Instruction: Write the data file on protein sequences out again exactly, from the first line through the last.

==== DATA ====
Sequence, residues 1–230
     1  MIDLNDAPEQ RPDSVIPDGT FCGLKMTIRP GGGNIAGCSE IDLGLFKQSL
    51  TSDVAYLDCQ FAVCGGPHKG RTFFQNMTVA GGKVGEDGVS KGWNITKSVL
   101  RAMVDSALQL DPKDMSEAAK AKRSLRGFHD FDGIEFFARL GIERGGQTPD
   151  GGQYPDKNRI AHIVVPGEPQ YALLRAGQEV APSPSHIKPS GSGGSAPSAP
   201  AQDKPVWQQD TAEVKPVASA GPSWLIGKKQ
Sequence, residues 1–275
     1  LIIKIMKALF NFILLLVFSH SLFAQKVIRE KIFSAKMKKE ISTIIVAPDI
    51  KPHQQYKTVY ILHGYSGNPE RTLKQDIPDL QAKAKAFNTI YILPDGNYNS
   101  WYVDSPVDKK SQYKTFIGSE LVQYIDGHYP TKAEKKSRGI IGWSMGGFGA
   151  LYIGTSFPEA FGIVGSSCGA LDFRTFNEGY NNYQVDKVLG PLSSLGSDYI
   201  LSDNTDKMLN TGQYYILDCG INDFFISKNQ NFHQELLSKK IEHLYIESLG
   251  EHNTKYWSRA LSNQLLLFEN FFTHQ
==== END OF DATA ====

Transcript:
Sequence, residues 1–230
     1  MIDLNDAPEQ RPDSVIPDGT FCGLKMTIRP GGGNIAGCSE IDLGLFKQSL
    51  TSDVAYLDCQ FAVCGGPHKG RTFFQNMTVA GGKVGEDGVS KGWNITKSVL
   101  RAMVDSALQL DPKDMSEAAK AKRSLRGFHD FDGIEFFARL GIERGGQTPD
   151  GGQYPDKNRI AHIVVPGEPQ YALLRAGQEV APSPSHIKPS GSGGSAPSAP
   201  AQDKPVWQQD TAEVKPVASA GPSWLIGKKQ
Sequence, residues 1–275
     1  LIIKIMKALF NFILLLVFSH SLFAQKVIRE KIFSAKMKKE ISTIIVAPDI
    51  KPHQQYKTVY ILHGYSGNPE RTLKQDIPDL QAKAKAFNTI YILPDGNYNS
   101  WYVDSPVDKK SQYKTFIGSE LVQYIDGHYP TKAEKKSRGI IGWSMGGFGA
   151  LYIGTSFPEA FGIVGSSCGA LDFRTFNEGY NNYQVDKVLG PLSSLGSDYI
   201  LSDNTDKMLN TGQYYILDCG INDFFISKNQ NFHQELLSKK IEHLYIESLG
   251  EHNTKYWSRA LSNQLLLFEN FFTHQ